American & European Parkinson's Disease Patients Can Now Access New Rasagiline (Agilect, Azilect) Drug Treatment From Israel

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Israel is one of the first nations to approve a new Parkinson's Disease drug called Rasagiline (also called Agilect or Azilect). Now, many American & European patients with the neurodegenerative disease are turning to, Israel's only international mail order pharmacy, to obtain the novel treatment.

After experiencing Pope John Paul II's recent death, caused by his long battle with Parkinson's Disease, many of the 1.5 million U.S. and European patients afflicted by the neurodegenerative condition are turning to Israel to obtain the latest treatment Rasagiline (Agilect, Azilect) to fight it.

Rasagiline was approved by the Israeli Minister of Health on January 4, by the European Commission on February 28, and was launched for sale in Israel in March. It will not be available in most of Europe or the United States until later this year.

Already, (, Israel's only international mail order pharmacy, reports that it has had 80 orders for Rasagiline and is receiving dozens of inquiries about it every day from American and European consumers and their physicians.

"Parkinson Disease patients across the U.S. and Europe are desperate for any new therapy that shows considerable promise," said Avi Fadida, Marketing Manager. "Because Rasagiline will not be available in other countries for several months at the earliest, is one of the first pharmacies in the world to provide the treatment to our international customers."

Fadida said dozens of Parkinson Disease specialists in the United States are currently ordering Rasagiline for their patients. Canadian pharmacies are unable to dispense the drug because it has not yet been approved by Health Canada, Canada's drug regulatory authority.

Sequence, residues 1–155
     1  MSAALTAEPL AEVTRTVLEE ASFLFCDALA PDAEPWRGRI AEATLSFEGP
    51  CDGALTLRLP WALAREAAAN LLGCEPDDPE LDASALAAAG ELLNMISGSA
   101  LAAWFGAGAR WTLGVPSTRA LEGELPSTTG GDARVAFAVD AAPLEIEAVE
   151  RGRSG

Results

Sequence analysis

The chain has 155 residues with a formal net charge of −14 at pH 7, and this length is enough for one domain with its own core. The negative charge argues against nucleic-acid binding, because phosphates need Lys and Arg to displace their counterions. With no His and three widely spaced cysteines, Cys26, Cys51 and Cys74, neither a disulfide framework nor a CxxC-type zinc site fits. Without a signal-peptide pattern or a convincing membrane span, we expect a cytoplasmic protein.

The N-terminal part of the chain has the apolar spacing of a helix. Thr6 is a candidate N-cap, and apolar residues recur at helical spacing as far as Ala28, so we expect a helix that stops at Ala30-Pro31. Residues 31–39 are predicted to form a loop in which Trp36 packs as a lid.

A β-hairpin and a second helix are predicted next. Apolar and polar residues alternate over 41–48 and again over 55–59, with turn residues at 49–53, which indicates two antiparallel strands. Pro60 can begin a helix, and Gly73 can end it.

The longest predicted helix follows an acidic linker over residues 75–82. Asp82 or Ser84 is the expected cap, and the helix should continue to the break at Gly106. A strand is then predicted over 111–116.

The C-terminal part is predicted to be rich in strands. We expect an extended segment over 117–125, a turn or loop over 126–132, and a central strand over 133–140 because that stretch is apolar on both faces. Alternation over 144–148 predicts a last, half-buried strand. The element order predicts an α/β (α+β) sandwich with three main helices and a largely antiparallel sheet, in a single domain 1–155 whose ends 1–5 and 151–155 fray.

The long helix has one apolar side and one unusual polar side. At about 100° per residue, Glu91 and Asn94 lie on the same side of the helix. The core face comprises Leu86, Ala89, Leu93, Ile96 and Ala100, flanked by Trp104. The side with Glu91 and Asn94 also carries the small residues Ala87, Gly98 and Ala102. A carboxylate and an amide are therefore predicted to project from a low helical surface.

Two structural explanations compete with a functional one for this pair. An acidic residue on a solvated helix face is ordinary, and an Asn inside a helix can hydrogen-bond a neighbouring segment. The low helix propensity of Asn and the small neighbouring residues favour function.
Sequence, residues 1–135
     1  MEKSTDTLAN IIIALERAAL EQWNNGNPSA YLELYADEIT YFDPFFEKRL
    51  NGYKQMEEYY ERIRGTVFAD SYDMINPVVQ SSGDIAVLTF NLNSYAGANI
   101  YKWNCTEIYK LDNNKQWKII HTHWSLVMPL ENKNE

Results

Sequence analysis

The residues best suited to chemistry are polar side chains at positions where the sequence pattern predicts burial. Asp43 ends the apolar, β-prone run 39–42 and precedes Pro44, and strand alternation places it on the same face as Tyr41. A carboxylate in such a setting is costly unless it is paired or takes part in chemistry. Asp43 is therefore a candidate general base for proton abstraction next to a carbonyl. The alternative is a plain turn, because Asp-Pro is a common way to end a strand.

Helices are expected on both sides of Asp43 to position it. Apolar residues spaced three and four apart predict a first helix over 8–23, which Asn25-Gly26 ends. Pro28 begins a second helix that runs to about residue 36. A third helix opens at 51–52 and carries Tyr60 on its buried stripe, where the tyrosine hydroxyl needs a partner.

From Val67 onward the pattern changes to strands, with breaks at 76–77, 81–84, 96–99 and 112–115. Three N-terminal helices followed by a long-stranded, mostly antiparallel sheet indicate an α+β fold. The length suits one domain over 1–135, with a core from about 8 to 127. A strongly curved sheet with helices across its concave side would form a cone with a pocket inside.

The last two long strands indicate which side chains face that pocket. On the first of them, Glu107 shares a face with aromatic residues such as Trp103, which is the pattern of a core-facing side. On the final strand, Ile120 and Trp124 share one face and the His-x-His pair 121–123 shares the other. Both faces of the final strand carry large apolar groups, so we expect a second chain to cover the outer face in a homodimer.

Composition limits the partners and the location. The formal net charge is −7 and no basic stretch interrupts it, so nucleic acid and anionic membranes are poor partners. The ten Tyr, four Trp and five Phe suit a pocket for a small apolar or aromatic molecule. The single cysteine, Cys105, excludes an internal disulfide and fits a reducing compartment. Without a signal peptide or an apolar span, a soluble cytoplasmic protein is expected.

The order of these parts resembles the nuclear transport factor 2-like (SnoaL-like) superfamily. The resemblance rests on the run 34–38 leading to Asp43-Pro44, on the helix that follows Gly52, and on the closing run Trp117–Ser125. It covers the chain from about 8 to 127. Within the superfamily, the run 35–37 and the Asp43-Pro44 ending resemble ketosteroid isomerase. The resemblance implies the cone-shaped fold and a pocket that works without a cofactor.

Rasagiline is sold as a once-daily 1-mg tablet as monotherapy for the treatment of early Parkinson's disease and as an adjunct therapy for more advanced Parkinson's Disease. Rasagiline is a second-generation, irreversible monoamine oxidase type-B (MAO-B) inhibitor that blocks the breakdown of dopamine. Dopamine is a substance in the brain needed to facilitate movement.

Its approval was based on the results of studies of more than 1,600 patients showing that Rasagiline monotherapy significantly improves motor symptoms and quality of life in patients with early PD. In addition, its adjunct use in patients with advanced disease significantly reduced "off time" and improved associated motor fluctuations. sells 30 tablets of the 1-mg Rasagiline medication for US$279.

Patients and physicians can learn more about Rasagiline by calling toll free at 1-866-ISRA-BUY(477-2289) or visiting its website at

Parkinson's Disease (PD) is a chronic, progressive neurodegenerative condition. The exact cause of PD is not known and is believed to be multifactorial involving genes, environmental factors and aging. Symptoms include tremor, slowness of movement, stiffness, gait and posture problems. As the disease progresses, symptoms worsen, the patient is likely to experience motor complications. Eventually, the disease impairs the patient's ability to function. PD affects men and women equally, and an estimated four million people worldwide suffer from the disease. The disease typically occurs at a late age, affecting approximately 1 percent of the population over the age of 65.

To learn more about Rasagiline and other Parkinson's Disease treatments and background on the condition, contact the European Parkinson's Disease Association ( and the American Parkinson Disease Association (

Rasgiline was developed based on research by Israeli-based Teva Pharmaceutical Industries, Ltd. and Technion-Israel Institute of Technology. The drug is being developed and marketed in Europe by Teva and H. Lundbeck A/S. The treatment's brand name is "Azilect" in Europe and it will be called "Agilect" in the United States.

Media Contact:

Michael Pirages,

Pirages Communications


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